Skip to main content
U.S. flag

An official website of the United States government

Surface Water Modeling and Analysis

In order to understand complicated surface-water networks within a basin and conduct different land-planning scenarios that affect the hydrology of the system, computer models need to be constructed to account for all the variables in the water budget such as rainfall and evaporation and the effects of the land surface and soils on the timing and amount of runoff.  These rainfall-runoff or watershed models use the comparison of observed runoff against simulated runoff to calibrate and validate the model.  Hydraulic models examine channel geometry and channel features to simulate river channel velocity and stage for a given river discharge.  These models are often used in flood-hazard studies and habitat analysis.

Filter Total Items: 18

Analysis of USGS Surface Water Monitoring Networks

The issue: National interests in water information are important but challenging to incorporate into planning and operation of a monitoring network driven by local information needs. These interests include an understanding of the spatial variability in water availability across the United States, anthro-physical factors including climate and land use that affect water availability, and federal...
link

Analysis of USGS Surface Water Monitoring Networks

The issue: National interests in water information are important but challenging to incorporate into planning and operation of a monitoring network driven by local information needs. These interests include an understanding of the spatial variability in water availability across the United States, anthro-physical factors including climate and land use that affect water availability, and federal...
Learn More

Water use

The Issue: Comprehensive water-use data and analysis of water-use information are needed to quantify the stress on existing supplies and to better model and evaluate possible water-supply management options to supplement traditional water-supply approaches. Advances have been made in the ability to control, divert, and develop water, but little attention has been paid to keeping accurate accounts...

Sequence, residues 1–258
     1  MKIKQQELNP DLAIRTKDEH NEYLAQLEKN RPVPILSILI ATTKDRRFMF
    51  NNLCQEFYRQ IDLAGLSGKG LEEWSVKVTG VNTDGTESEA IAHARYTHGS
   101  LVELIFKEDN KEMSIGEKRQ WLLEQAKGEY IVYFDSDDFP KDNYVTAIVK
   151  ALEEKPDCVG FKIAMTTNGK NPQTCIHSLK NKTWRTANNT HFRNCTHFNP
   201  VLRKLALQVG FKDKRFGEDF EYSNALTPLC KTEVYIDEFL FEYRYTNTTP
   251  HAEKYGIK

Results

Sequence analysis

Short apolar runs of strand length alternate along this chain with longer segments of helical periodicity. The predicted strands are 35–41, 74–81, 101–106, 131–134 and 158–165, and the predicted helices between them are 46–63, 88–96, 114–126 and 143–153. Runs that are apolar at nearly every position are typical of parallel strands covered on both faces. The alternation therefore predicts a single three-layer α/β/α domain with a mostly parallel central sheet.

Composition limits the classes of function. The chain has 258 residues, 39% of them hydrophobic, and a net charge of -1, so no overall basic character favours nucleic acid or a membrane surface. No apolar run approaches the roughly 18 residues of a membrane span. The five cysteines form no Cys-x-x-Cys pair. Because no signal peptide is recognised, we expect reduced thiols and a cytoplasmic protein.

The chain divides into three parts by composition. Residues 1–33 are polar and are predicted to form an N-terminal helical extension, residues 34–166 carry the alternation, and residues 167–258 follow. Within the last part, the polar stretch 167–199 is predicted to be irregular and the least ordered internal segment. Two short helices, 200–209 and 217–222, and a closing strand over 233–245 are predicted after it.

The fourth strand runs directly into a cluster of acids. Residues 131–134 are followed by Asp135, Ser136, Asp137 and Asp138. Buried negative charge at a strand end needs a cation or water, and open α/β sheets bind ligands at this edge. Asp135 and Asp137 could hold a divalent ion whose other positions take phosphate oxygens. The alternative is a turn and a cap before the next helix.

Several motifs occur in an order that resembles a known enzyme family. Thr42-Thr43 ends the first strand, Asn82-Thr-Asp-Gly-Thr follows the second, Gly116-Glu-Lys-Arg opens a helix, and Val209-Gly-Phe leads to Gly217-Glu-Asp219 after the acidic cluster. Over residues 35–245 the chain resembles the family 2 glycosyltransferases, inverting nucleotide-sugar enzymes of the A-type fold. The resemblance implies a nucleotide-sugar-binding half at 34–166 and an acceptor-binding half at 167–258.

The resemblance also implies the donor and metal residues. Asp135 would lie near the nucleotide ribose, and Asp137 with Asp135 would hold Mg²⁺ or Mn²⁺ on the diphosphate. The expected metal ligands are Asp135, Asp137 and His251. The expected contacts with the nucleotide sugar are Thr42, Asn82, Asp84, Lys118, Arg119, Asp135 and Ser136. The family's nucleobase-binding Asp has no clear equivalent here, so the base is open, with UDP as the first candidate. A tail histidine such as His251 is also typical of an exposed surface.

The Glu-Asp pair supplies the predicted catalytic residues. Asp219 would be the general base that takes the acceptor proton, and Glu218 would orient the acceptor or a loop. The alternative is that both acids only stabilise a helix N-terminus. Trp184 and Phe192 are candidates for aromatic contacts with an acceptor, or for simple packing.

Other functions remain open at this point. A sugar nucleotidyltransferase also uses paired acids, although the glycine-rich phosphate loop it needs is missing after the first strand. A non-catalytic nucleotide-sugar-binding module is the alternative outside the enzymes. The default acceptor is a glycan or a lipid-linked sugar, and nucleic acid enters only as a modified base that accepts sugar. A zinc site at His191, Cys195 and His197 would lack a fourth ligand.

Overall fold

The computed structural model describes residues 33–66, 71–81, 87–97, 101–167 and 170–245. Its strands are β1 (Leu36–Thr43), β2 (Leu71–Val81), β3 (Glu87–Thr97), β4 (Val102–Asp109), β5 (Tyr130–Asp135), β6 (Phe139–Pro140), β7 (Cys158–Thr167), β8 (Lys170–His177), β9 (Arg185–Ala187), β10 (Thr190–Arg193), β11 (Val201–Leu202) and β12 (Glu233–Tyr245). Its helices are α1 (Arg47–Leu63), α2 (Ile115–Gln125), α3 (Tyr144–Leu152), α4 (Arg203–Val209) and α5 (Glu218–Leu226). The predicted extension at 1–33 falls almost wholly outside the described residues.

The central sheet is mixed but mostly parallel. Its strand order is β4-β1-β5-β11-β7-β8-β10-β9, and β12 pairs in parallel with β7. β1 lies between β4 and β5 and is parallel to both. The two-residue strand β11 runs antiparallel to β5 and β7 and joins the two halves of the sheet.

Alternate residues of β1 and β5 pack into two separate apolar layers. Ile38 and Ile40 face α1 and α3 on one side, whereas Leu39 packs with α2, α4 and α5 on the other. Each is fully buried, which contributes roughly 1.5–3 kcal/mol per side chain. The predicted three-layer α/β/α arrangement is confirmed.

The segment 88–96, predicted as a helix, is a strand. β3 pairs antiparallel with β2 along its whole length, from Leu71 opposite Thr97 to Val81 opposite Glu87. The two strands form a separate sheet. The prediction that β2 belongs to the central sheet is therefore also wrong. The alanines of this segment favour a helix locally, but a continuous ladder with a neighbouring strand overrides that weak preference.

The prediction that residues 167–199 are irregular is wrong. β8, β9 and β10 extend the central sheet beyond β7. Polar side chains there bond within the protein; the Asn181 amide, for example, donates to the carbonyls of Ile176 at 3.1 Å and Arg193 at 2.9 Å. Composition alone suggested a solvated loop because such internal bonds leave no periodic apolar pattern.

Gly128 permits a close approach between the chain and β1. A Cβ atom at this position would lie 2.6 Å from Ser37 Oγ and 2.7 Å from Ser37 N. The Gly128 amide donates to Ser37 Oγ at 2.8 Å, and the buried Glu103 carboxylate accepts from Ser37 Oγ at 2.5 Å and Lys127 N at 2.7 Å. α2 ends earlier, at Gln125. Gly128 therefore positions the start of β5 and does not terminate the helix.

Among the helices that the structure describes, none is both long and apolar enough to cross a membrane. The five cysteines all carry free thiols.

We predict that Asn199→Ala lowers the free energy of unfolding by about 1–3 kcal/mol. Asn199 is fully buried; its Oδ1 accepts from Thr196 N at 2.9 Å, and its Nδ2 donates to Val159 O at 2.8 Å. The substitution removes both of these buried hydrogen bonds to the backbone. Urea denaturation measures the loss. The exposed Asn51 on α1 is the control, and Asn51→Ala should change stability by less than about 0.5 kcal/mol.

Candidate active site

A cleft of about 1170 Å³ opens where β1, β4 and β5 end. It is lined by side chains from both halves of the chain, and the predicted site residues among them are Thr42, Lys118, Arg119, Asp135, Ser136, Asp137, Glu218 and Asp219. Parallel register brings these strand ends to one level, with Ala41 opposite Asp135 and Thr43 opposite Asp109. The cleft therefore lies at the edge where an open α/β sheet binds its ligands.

link

Water use

The Issue: Comprehensive water-use data and analysis of water-use information are needed to quantify the stress on existing supplies and to better model and evaluate possible water-supply management options to supplement traditional water-supply approaches. Advances have been made in the ability to control, divert, and develop water, but little attention has been paid to keeping accurate accounts...
Learn More

RRAWFLOW: Rainfall-Response Aquifer and Watershed Flow Model

RRAWFLOW: Rainfall-Response Aquifer and Watershed Flow Model
link

RRAWFLOW: Rainfall-Response Aquifer and Watershed Flow Model

RRAWFLOW: Rainfall-Response Aquifer and Watershed Flow Model
Learn More

White River Bioenergetics

The White River Basin is located in western Washington and drains an area of about 500 square miles. Rivers in the White River Basin are fed by melt water from glaciers on Mt. Rainier, runoff from snowmelt and rain, and groundwater discharge. Beginning in the early to mid-twentieth century, the White River from river mile (RM) 9 to its confluence with the Puyallup River was extensively channelized...
link

White River Bioenergetics

The White River Basin is located in western Washington and drains an area of about 500 square miles. Rivers in the White River Basin are fed by melt water from glaciers on Mt. Rainier, runoff from snowmelt and rain, and groundwater discharge. Beginning in the early to mid-twentieth century, the White River from river mile (RM) 9 to its confluence with the Puyallup River was extensively channelized...
Learn More

NWIFC Water Assessment

Water resources are essential to Native American Tribes in western Washington for instream and out-of-stream uses. As the demand for water across the region increases, western Washington Tribes need critical information about water availability, water use, and ecological needs for water in order to manage their resources. To assess tribal water resources comprehensively in western Washington, the...
link

NWIFC Water Assessment

Water resources are essential to Native American Tribes in western Washington for instream and out-of-stream uses. As the demand for water across the region increases, western Washington Tribes need critical information about water availability, water use, and ecological needs for water in order to manage their resources. To assess tribal water resources comprehensively in western Washington, the...
Learn More

Hood Canal

In September 2002, fish in Hood Canal near Hoodsport were under stress from low concentrations of dissolved oxygen, prompting the Washington State Department of Fish and Wildlife to temporarily close parts of Hood Canal to some types of fishing during the month of October. In 2003, low dissolved oxygen conditions worsened, some fish kills were observed as early as June, and by October large fish...
link

Hood Canal

In September 2002, fish in Hood Canal near Hoodsport were under stress from low concentrations of dissolved oxygen, prompting the Washington State Department of Fish and Wildlife to temporarily close parts of Hood Canal to some types of fishing during the month of October. In 2003, low dissolved oxygen conditions worsened, some fish kills were observed as early as June, and by October large fish...